“How can you kids feel depressed, you all have everything nowadays”, “It is just a phase”, “Stop being lazy”. These are just some of the things you may hear as an AAPI youth if you share your mental health experiences. As an Indian American myself, I wanted to delve deeper into my observations on how cultural and generational trauma in the community may potentially exacerbate mental health issues and prevent getting treatment.
Now, what exactly is generational trauma? Facing systemic exploitation, dealing with racism and traumatic situations, and overcoming poverty can all contribute to an intergenerational culture that leads a generation, in turn, to trivialize mental health issues in the next generation and perpetuate them inadvertently. For example, a parent may be cold and detached from their kid because they were raised in the same way or because they ignore the mental health-related issues of their children, having gone through many sufferings themselves to succeed in life. Eventually, without intervention or awareness, the kid may grow up not sharing their mental health issues or seeking help.
There may also be the presence of achievement expectations. We face a greater pressure to be the “model minority” from general American stereotypes by reaching academic heights to gain respectability, credibility, and a new future for our families. This desire to excel and achieve is prevalent in the community. The desire to continue to excel and be “Faster, Higher, Stronger” may take its toll on one’s mental health.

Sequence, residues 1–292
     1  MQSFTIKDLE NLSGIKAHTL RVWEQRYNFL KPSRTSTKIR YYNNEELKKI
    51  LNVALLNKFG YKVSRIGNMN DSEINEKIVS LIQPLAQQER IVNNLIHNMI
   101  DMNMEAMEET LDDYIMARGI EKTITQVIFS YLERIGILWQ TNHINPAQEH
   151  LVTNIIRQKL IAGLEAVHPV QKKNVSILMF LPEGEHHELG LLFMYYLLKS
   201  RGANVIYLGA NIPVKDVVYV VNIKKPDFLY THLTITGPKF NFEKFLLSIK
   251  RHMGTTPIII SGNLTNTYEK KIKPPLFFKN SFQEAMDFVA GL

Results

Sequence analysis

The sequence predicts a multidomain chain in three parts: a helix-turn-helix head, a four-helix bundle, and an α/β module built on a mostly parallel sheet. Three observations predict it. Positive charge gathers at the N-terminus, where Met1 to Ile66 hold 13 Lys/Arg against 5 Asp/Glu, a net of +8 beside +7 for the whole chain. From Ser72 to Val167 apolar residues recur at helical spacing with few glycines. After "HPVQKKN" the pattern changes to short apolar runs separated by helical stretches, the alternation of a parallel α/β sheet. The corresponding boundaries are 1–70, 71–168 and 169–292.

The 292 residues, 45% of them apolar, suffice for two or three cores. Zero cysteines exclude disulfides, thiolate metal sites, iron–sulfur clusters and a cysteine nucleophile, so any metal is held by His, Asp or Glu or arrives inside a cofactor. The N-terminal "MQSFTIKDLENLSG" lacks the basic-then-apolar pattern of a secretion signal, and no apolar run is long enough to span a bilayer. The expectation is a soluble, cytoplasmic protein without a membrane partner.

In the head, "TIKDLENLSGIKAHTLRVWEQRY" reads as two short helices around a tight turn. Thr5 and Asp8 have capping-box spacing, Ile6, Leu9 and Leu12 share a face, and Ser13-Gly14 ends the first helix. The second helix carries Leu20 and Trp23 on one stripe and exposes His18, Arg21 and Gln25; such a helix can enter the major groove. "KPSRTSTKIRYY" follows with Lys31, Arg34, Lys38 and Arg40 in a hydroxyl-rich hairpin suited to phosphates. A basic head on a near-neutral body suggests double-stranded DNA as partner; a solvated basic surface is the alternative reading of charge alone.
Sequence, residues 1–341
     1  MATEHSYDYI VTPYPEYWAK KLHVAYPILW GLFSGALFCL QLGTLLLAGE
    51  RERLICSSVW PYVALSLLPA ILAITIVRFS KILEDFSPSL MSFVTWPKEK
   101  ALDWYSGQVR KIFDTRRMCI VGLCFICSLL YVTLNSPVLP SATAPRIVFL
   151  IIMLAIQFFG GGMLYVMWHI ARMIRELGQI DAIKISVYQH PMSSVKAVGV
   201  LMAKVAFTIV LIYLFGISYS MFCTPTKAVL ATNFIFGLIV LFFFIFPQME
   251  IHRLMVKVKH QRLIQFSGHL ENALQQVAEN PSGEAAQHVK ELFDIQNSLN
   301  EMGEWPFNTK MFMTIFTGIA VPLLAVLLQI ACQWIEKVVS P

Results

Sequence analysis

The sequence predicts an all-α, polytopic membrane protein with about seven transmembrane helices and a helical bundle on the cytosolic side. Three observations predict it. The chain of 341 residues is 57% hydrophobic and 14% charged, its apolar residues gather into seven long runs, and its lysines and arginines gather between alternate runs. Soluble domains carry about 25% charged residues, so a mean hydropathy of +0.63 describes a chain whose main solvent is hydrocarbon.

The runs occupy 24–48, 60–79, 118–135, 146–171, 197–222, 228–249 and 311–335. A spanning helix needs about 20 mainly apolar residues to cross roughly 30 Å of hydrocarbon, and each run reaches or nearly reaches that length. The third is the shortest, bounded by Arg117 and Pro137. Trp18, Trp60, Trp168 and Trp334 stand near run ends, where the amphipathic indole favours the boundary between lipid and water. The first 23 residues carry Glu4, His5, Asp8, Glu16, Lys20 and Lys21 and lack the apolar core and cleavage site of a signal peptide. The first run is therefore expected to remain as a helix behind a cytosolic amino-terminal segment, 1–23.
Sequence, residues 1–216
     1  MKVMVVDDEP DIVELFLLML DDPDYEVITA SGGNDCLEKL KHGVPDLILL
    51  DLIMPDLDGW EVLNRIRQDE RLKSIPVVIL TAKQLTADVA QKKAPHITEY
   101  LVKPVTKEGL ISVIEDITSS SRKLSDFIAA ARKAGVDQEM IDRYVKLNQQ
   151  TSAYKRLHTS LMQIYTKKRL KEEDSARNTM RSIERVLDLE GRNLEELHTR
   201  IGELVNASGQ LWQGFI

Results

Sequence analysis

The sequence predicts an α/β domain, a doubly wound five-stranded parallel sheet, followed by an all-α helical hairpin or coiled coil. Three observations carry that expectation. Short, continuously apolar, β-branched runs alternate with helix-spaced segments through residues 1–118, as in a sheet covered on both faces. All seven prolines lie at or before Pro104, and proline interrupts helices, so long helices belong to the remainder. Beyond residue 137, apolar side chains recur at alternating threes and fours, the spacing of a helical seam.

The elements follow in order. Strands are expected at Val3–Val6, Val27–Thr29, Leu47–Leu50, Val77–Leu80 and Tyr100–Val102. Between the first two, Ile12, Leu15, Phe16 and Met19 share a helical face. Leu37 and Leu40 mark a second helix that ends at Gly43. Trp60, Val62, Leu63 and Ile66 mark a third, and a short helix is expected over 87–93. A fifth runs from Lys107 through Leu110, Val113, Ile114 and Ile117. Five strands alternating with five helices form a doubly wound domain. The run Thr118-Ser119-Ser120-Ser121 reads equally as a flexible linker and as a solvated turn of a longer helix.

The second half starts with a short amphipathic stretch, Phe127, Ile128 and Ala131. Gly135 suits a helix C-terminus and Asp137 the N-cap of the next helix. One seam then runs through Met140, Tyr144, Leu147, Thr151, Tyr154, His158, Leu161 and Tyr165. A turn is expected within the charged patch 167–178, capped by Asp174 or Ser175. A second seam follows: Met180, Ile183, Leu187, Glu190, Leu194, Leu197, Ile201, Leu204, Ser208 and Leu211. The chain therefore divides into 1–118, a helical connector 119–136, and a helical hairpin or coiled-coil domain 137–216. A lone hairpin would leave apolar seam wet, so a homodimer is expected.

In my Hindu-American culture, we have the concept of dharma or responsibility to your family and society. Although this creates a great sense of connection and provides a strong moral compass, a sense of belonging, and a support system, it may also create a subconscious need to put your family's honor and needs above your own. In some extreme cases, this may mean ignoring toxic and detrimental parts of your family or keeping completely silent and not bringing “dishonor” to the family.
Generational trauma may be accentuated by other factors such as gender expectations. In my experience, being a girl and an Indian American comes with stressors such as fulfilling gender norms (for example, learning to cook and fitting beauty standards to perfection) as well as greater scrutiny among elders about appearance and behavior that a boy in the community wouldn’t necessarily experience.
I have also observed a general lack of education in the AAPI community about mental health and mental illness from a personal standpoint.
Generational trauma added on to the “model minority” and gender stereotypes, and other causes of trauma all exacerbate the mental health issues of AAPI youth. In order to step away from this, greater awareness about the reality of mental health issues is absolutely necessary to get rid of the stigma involved with getting help.
Nambita Sahai is a high school junior at Crystal Springs Uplands School. She is deeply involved in mental health advocacy and is an outreach intern and a student ambassador at Neolth. She is the president of STEM, Premed, and Bio-Med clubs at her high school and is involved in many organizations as a leader, volunteer, teachers' assistant, and tutor.
Nambita is a part of Neolth's Student Mental Health Ambassador Program, spanning across the globe with a network of over 300 students. Ambassadors participate in various forms of mental health advocacy, including sharing their stories, like CJ, to reduce stigma, educate others, and spread awareness about mental health. We are proud to display the incredible work they do!